Fear factors

There are different kinds of fear. It seems silly to be on earth nearly five decades, and only just now figuring this out. Maybe it's confusing because the different fears feel the same in the body. Or ... nearly the same. Fears all sound to the inner ear like the same word, only with different accents - the same songs in other keys. Something like that. They all feel the same. But they are not all the same.

There is a fear that says, "Don't go in there! Didn't you see? The Monster went in there! The music! No! Listen! The scary music is starting! Don't go in there!" When we refuse to listen to that fear, blundering ahead like some bubble-headed starlet doomed to be axed or stabbed or otherwise gruesomely rewarded for her whatevershedid, then we are always sorry afterward.

But not all fears are like that. Stage fright - not like that. Stage fright has all the adrenaline of the first one, but the realities are utterly different. It is possible to recover from disastrous performances, for one thing. (Fatal stabbings aren't like that.) And for another thing, nervous energy can be channeled into useful energy.

And then there's fear of the Known. Fear of the Unknown is one thing, but fear of the known ... facing that fear takes a different kind of courage.

That's where I am right this minute. I've just scheduled my winter courses, and I'm going to be in the deep end of my major's ocean. No more playing about. This is real. And I know how much work, and how much stripping away of old thinking, and how much vulnerability there is in doing anything this real. The author of Writing Begins With the Breath teaches truly that the reason for writer's block is that the real writing lives in the same dungeon as your very own demons. And there's no way to exorcise the beasts without going in there. The beasts hold the treasure. And I can hear the music rising.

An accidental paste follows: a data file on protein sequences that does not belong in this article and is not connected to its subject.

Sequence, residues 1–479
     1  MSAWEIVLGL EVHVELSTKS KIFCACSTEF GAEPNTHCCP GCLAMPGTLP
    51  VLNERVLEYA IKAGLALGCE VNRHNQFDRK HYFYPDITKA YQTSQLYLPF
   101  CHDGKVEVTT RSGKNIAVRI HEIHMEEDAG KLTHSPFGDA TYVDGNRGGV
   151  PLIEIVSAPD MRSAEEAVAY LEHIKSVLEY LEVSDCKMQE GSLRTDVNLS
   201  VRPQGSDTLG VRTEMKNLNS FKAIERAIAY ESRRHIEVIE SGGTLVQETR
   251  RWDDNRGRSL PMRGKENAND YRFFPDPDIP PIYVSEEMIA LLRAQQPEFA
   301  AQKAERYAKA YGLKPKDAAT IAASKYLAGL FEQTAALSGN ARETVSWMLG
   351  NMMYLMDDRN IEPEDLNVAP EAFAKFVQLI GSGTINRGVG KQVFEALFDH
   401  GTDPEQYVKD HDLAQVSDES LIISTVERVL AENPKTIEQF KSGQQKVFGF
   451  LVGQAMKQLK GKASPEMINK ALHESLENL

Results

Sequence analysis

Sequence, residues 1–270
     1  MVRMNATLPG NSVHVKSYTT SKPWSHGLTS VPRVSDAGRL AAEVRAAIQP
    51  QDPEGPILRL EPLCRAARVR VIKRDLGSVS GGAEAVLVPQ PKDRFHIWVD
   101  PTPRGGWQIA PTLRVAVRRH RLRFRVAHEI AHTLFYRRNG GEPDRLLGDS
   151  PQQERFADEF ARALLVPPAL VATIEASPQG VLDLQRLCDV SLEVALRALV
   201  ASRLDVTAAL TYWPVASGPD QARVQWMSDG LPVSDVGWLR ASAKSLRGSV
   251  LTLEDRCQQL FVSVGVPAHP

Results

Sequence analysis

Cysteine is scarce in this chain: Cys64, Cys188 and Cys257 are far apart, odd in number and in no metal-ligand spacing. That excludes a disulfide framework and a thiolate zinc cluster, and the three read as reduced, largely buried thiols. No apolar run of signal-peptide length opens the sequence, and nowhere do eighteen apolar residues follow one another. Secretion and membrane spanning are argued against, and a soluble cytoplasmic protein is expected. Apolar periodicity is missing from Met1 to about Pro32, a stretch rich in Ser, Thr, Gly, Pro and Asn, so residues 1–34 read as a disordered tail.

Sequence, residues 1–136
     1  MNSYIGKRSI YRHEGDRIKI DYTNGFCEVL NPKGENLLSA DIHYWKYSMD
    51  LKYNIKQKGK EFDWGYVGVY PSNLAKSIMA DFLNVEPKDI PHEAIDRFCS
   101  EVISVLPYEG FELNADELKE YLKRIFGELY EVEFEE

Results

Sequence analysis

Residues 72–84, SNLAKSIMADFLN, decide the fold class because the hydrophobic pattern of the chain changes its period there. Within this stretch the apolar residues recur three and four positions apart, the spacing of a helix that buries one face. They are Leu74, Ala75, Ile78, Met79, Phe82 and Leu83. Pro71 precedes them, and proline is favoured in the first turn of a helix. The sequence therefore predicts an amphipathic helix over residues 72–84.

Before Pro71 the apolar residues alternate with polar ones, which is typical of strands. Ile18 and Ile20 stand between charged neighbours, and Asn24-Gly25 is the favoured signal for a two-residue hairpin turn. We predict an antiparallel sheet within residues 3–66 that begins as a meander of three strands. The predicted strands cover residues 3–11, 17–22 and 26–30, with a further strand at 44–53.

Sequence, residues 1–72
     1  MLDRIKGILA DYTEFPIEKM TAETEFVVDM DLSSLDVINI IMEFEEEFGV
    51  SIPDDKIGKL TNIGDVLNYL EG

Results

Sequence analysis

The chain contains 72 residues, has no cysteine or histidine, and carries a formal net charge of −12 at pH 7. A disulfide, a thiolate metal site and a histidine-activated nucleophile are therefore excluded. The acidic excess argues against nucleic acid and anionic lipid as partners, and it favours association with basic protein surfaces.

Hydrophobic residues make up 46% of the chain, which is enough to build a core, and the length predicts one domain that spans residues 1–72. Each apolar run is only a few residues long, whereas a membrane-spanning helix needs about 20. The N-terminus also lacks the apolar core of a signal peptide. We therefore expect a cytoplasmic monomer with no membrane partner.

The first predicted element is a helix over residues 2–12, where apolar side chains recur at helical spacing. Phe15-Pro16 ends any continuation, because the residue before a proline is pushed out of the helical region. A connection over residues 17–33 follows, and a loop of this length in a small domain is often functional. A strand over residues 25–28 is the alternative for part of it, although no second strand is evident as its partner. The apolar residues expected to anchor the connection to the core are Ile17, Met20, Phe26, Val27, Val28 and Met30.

This is the fear screaming, "Don't go in there!" while meaning, "What if I screw up in front of everybody? What if I can't do it? What if I'm not that good? .... What if I am?" But the fear factors are actually leading to everything that is most real and true and right and good. This is a fear of the Known. Of being Known.

Foretaste of Heaven and taste of blood in the mouth here on earth, all wrapped into one big vocational adrenaline spike. "Then I shall know even as also I am known."

But I know how the story goes now. Five decades (almost) into this life, and I know now. See ... I had three babies. The first one taught me how to work. The second one taught me to conquer the fear of the Known. And the third one taught me to "allow" --- To allow is better than to force. To accept is better than to resist.

But I still feel like a professional bungee jumper who is chronically afraid of heights.

1 comment:

Willa said...

Interesting about real writing living in the same place as the demons. I liked the distinctions between the different kinds of fears.